Do you prefer to rise early with the lark or stay up late with the owl? Your preference turns out to be partly decided by your genes. Our genetic study of nearly 700,000 people has revealed new insights about the genetics of chronotype – our preference to rise early or sleep late – and how it influences our mental and physical health.
We all lie somewhere on the chronotype bell-curve, with larks (early sleepers) at one end and owls (late sleepers) at the other. Our chronotype is partly influenced by our environment. Factors include season, latitude and whether we live in an urban area. Men are more likely than women to be owls and we become more lark-like as we age. However, studies have shown that anywhere between a fifth and a half of our chronotype is fixed at birth by our genes. Until as recently as 2016, little was known about what these genetic factors were.
With data on 250,000 people from 23andMe and 450,000 people from the UK Biobank, we analysed their genes against whether they were “morning” or “evening” people. We found 351 genetic variants that contribute to determining a person’s chronotype. Before this study, we knew of only 24.
Research has shown that owls have an increased risk of obesity, depression and even type 2 diabetes. Our newly found chronotype variants allowed us to investigate whether sleeping and rising later are directly responsible for this.
How our genes affect our body clock
Your body clock doesn’t just keep time but also acts as an internal scheduler. It tells your body when to be active, when to be hungry and when to release important hormones. Most importantly, your body clock tells you when to be tired and so when to sleep.
Some genetic variants we identified were in or near genes responsible for the correct functioning of the body clock. This suggests that some differences between larks and owls can be ascribed to slight differences in the clock itself. It may explain previous findings that owls have clocks that run slower than larks.
Although the body clock can operate without external interference, in humans it tends to run for slightly longer than the 24-hour day. To stay in sync with the day-night cycle, it receives cues from the environment via the body, from sensed levels of temperature and light. These allow the clock to be “entrained” (corrected) each day.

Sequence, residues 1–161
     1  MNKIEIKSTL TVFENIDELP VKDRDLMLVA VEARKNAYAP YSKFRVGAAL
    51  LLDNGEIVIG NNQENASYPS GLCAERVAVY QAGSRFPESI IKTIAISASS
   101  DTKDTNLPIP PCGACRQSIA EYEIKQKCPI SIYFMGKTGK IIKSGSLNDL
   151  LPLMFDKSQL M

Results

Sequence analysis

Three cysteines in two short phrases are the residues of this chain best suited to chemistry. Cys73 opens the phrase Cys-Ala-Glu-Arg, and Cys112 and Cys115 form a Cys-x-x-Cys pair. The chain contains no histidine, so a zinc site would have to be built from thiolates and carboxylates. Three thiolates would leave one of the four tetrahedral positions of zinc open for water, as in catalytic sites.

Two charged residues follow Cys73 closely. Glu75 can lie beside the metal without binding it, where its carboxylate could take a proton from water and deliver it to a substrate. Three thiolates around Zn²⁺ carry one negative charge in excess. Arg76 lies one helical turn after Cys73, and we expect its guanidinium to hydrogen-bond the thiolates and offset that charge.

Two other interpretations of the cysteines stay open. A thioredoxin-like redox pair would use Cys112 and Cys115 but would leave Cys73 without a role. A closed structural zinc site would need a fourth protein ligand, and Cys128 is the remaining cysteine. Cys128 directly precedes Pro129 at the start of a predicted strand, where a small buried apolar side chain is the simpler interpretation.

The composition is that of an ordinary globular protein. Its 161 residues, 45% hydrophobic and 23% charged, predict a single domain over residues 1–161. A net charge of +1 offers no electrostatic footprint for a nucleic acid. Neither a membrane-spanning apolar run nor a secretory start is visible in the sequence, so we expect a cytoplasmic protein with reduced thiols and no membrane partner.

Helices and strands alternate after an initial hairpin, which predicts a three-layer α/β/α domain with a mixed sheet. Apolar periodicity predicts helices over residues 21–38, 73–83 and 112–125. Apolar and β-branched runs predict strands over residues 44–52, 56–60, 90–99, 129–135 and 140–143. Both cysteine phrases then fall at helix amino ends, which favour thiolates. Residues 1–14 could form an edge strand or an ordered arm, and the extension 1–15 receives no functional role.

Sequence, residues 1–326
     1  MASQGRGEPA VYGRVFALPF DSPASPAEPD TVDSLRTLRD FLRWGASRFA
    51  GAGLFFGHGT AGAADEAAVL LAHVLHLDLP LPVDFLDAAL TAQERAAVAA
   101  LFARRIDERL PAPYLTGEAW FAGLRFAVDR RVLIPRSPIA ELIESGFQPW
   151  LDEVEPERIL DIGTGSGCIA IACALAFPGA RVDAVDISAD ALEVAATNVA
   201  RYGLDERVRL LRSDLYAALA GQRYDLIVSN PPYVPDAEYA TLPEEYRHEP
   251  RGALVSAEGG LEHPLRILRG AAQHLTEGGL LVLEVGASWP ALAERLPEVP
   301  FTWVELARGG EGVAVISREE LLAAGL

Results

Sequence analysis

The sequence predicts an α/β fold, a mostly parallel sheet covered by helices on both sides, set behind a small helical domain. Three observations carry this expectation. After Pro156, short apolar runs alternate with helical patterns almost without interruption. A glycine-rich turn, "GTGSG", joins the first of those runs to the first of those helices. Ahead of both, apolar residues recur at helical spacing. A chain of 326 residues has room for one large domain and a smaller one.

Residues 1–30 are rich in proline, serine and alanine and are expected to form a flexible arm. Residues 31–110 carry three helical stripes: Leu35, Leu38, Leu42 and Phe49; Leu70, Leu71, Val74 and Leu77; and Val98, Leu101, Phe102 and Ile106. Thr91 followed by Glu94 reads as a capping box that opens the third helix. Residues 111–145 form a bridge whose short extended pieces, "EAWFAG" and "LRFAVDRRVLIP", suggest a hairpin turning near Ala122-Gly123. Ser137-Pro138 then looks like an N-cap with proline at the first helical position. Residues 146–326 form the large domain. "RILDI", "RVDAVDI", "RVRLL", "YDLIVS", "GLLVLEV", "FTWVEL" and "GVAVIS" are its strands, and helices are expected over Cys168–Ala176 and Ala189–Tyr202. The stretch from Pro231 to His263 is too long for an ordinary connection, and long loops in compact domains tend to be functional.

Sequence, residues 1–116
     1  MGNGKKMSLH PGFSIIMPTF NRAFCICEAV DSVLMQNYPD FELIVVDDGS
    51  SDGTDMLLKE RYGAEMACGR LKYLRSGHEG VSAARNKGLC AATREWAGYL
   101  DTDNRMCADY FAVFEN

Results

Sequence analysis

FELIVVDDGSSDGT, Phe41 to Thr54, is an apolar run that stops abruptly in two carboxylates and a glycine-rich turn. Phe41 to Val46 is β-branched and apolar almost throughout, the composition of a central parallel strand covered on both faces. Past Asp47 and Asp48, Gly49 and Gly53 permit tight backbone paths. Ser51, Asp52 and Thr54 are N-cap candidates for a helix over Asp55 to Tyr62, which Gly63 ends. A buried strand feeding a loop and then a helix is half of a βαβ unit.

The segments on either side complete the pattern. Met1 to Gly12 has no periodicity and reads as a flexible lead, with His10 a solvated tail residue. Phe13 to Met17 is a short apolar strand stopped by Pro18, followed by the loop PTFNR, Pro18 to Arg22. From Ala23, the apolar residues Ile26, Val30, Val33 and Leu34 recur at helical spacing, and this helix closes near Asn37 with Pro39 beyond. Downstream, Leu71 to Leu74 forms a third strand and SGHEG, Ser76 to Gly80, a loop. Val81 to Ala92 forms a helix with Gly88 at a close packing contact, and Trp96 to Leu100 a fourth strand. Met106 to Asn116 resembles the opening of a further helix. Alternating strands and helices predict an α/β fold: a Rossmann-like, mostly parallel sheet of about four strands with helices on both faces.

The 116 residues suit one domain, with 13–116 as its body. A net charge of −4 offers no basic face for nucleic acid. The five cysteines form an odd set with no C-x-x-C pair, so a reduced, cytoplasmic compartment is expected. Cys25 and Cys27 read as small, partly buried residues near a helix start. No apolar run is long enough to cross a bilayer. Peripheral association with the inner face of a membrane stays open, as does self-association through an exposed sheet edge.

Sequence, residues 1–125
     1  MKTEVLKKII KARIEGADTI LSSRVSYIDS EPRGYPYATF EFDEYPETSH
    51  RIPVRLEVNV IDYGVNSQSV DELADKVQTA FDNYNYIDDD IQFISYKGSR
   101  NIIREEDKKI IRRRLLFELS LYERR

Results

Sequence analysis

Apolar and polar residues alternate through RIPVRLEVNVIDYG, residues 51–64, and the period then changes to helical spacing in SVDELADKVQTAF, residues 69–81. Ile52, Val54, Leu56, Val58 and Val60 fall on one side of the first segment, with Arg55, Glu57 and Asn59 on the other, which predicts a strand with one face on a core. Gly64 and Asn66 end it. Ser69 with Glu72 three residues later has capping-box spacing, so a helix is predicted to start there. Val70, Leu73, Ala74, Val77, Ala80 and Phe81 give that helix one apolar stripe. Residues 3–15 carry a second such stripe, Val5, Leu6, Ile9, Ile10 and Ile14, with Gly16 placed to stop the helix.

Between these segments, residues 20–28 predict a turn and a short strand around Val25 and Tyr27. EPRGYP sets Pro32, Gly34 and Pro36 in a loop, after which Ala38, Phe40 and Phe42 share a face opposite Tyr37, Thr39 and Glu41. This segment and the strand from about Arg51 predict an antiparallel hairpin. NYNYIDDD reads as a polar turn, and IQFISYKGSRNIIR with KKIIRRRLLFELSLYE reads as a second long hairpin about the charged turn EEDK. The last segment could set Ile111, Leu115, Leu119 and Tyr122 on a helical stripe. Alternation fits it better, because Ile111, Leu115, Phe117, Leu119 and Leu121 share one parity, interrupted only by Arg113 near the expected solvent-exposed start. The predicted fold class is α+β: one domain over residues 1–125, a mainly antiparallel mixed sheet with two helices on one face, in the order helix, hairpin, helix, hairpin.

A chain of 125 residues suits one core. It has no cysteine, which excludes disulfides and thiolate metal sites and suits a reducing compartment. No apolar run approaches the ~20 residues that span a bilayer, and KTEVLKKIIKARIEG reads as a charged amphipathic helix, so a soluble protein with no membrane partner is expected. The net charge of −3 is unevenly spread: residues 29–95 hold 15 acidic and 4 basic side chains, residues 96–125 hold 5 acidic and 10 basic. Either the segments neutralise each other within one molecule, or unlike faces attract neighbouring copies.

Some of the genetic variants we found were in genes that are important in the retina, part of the eye that converts light focused by the eyeball to signals for communication to the brain. In an experiment investigating the effect of night-time artificial light on humans, researchers showed that the body clocks of owls were delayed more than larks. This may suggest that the retinas of owls are less effective at detecting and communicating light levels, resulting in poorer entrainment of the clock.
Many other variants we identified have already been seen in genetic studies of other traits or disorders. These include variants that affect your levels of insulin, your appetite and the rate at which your liver breaks down nicotine – a known stimulant. More work is needed to understand whether these variants act through affecting the body clock or via different behavioural mechanisms.
Sleeping later and your mental health
Uncovering the genetics of chronotype provides us with tools to investigate the causal impact of rising early or late on someone’s risk of disease, without being plagued by the effects of shared factors such as lifestyle and environment.
We were able to show that being an owl, as opposed to a lark, causes you to have lower levels of well-being and means you are more likely to suffer from schizophrenia and depression over your life. One possible explanation for this is the higher amount of social jetlag suffered by owls. To conform to standard work patterns, owls may be forced to fight against their body clocks more than larks and compensate on free (non-work) days by sleeping later. Fighting your natural clock is believed to make you more prone to disease, though more research is needed to understand why this is the case.
But it’s not all bad news for the owls. Although previous studies showed a link between owls and a higher risk of type 2 diabetes and obesity, we saw no causal evidence of this, despite having data on close to 700,000 people. Lifestyle factors affecting both your chronotype and your risk of obesity and diabetes probably explains this lack of a causal link. In future studies, we will test this hypothesis and seek stronger evidence for these findings.
In two forthcoming parallel studies, we describe the genetics of habitual sleep duration and insomnia. These studies mark the start of an exciting new wave of research in sleep medicine.